Top stories from our other markets:

Amazon’s officially on a spending spree. After a big week of movement in the world of real estate that included shopping for 1 million square feet of warehouse space in Brooklyn, scoping out the We Company’s historic Lord & Taylor building for office workers and launching a new partnership with Realogy, the e-Commerce giant’s second quarter earnings report confirmed that the company has cash to burn, stock price be damned.

Another apartment landlord is turning to the short-term rental market to help pad their bottom line. Hartz Mountain Industries is seeking the city’s permission to house short-term rentals in its 809-unit apartment building in River North. If approved, the landlord would enter into a deal with Kasa Living to provide 161 short-term rental units, about 20 percent of the building.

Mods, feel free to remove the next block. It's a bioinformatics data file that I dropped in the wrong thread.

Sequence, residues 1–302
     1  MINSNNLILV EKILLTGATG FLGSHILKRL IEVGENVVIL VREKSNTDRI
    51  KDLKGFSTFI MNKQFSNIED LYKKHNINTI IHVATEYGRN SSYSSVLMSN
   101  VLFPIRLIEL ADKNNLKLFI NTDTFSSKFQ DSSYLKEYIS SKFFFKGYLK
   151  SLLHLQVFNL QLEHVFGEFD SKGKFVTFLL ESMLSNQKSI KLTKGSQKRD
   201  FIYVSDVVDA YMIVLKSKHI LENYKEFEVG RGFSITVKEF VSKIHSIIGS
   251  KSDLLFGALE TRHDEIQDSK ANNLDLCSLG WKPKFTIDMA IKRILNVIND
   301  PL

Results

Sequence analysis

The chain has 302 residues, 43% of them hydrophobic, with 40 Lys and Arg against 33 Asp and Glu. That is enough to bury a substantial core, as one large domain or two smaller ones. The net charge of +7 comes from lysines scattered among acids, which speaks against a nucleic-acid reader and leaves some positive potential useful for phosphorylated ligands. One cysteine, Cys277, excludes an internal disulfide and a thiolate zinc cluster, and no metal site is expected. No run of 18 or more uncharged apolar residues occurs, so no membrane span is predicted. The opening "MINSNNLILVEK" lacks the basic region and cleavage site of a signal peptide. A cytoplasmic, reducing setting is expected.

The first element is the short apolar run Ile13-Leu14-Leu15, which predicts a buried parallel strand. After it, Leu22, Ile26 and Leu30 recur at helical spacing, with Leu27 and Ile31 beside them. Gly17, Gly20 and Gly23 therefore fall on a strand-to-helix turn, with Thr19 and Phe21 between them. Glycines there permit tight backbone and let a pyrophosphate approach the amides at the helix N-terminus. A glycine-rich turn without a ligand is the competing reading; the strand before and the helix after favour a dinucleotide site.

Restaurateur Fabio Conti seems to be getting serious about real estate. Conti sold his Italian restaurant in Hollywood, Fabiolus Cucina, then purchased a pair of retail shopping centers in Inland Empire. The move was made as part of a 1031 exchange, which allows investors to defer capital gains taxes by using funds from a sale to buy new property.

Beauty mogul Sydell Miller is under contract to sell her sprawling Palm Beach estate for a new record – beating the previous $110 million mark set earlier this summer, though the exact figure isn’t known. She paid nearly $43 million for a full floor at the Bristol in West Palm Beach earlier this year. — Compiled by Alexi Friedman